When Cui Jian (崔建) steps onto the stage this weekend at the Ho-Hai-Yan rock festival, many of the tens of thousands of people in the audience at Fulong (福隆) beach will be too young to fully appreciate what they are seeing. More than just China's biggest rock star, his country's Bob Dylan, John Lennon and Bruce Springsteen, the raspy-voiced master of coded lyrics is a symbol of the 1989 student-led Tiananmen Square democracy movement. Before the People's Liberation Army shot its way through Beijing on June 4, Cui was seen milling with the students and his song Nothing To My Name (一無所有) was their unofficial anthem. A year later, Cui's New Long March tour was cancelled by the government after he appeared on stage wearing a red blindfold before performing one of his political anthems. He would not play a large-venue show in Beijing again until 2004.
Taiwan Colors Music (TCM, 角頭音樂), the indie record label that started Ho-Hai-Yan (海洋音樂祭), has been trying to bring Cui to Taiwan for years. First China would not let him go. Last year TCM lost its role in the festival when the Taipei County government chose Formosa Television (FTV, 民視) to run the event. TCM announced it had booked Cui along with several other international bands and would stage its own, alternative "People's Hohaiyan Rock Festival" but ultimately failed to do so. Now TCM is back as the planner of this year's fest, and if everything goes according to plan, Cui's first Taiwan performance will start Sunday at 9pm. "He's finally going to make it," said TCM head Zhang 43 (張43) who calls Cui "the most important rock star in Asia."
Eight years after it started as a tiny gathering of indie musicians, Ho-Hai-Yan has ballooned into a major three-day festival with international acts paid for by NT$20 million from the Taipei County Government and an undisclosed amount from big corporate sponsors like 7-Eleven, MTV and Chunghwa Telecom. This year organizers are predicting 300,000 people will attend.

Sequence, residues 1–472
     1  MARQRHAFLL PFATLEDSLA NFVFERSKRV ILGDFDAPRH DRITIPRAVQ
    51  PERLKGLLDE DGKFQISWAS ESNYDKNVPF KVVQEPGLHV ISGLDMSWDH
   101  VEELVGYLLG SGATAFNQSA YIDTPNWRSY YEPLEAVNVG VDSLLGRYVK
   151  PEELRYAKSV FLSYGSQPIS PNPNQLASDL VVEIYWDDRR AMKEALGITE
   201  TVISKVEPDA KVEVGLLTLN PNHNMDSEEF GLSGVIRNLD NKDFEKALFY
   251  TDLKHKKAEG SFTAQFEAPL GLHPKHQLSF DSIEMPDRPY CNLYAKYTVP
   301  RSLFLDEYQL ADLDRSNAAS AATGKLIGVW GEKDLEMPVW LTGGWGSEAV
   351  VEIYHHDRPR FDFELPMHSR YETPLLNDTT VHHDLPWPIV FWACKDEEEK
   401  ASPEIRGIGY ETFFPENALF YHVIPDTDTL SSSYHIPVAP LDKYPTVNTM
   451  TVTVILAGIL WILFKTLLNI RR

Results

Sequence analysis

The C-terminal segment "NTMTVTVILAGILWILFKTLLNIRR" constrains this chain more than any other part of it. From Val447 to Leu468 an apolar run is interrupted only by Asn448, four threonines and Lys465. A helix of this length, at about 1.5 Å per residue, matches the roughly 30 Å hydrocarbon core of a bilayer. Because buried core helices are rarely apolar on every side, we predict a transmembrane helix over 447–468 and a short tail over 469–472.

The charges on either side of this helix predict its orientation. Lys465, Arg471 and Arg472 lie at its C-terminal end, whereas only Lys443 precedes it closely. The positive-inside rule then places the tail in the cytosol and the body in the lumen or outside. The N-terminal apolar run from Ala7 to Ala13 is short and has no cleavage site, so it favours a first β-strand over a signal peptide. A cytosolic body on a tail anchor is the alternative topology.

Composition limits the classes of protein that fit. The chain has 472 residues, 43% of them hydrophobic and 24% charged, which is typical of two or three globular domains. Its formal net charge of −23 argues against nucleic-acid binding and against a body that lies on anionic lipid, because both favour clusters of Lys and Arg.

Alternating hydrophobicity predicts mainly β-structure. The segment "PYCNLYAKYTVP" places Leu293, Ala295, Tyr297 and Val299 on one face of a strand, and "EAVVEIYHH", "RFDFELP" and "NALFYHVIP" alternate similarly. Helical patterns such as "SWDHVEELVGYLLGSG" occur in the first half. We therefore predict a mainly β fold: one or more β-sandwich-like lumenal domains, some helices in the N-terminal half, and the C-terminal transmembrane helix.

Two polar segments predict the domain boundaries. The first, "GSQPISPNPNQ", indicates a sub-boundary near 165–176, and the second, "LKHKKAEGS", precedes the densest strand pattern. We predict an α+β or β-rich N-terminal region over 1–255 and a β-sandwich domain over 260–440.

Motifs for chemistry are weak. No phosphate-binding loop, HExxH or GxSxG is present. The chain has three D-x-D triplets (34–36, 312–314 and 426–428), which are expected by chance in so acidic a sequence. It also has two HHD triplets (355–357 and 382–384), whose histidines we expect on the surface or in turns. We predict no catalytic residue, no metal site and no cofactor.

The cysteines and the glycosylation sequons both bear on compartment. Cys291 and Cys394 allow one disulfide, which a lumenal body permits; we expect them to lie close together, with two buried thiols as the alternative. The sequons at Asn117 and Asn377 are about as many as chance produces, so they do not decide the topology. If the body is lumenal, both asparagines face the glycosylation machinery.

What: Ho-Hai-Yan Rock Festival
Where: Fulung beach, Taipei County
When: Today, tomorrow and Sunday
Admission to the festival is free
How to get there: Trains will be traveling in both directions between Taipei and Fulung at the rate of about one train every hour throughout the weekend. The last train back to Taipei on all three days leaves at 11:02pm. For schedule information, visit www.railway.gov.tw/index.htm.
Like Spring Scream, Ho-Hai-Yan has become a rite of passage for would-be rock stars, with a battle of the bands that culminates in the Taiwan Indie Music Awards. As always, the 10 bands competing this year made it to the finals by passing a first cut with a demo and a second cut at regional concerts. The winner gets NT$200,000, a huge boost for amateur musicians without major label backing. Sodagreen, the folk rock band that won in 2004, took home the highly coveted Best Band trophy at last month's Golden Melody Awards.
This year's battle of the bands starts at 3pm today. Two of the favorites to win - happy punks Children Sucker (表兒) and Dingding and Ding Ding and Xi Xi (丁丁與西西), a brand new act - perform at 4pm and 4:30pm. Last year's winners Punk Hoo take the stage at 7pm. Following their set the winner of this year's contest will be announced.
The other main attractions this weekend, both of whom play tomorrow, are San Francisco-based Xiu Xiu - an experimental pop band whose influences include 1980s British goth punk, the Cure, Joy Division, "really harsh noise," electronica and New Music composers like Dmitri Shostakovich - and Japan's Boom Boom Satellites, a digital hard-core band who have performed at Ho-Hai-Yan before and were the main act on the second day of this year's Fuji Rock Festival.
Interviewed by phone yesterday from his Taipei hotel room, Xiu Xiu founder and singer-songwriter Jamie Stewart said his band brought its drum machines, handmade guitar pedals, other "electronic sorts of things," a harmonium and a flute. He's played in Japan and has heard of Boom Boom Satellites and Cui Jian, but isn't familiar with any of the other bands. "It's sort of a cliched thing to say, but any opportunity to be out of town is great, particularly when it's some place extraordinarily far away," he said. "This whole trip is really kind of unbelievable."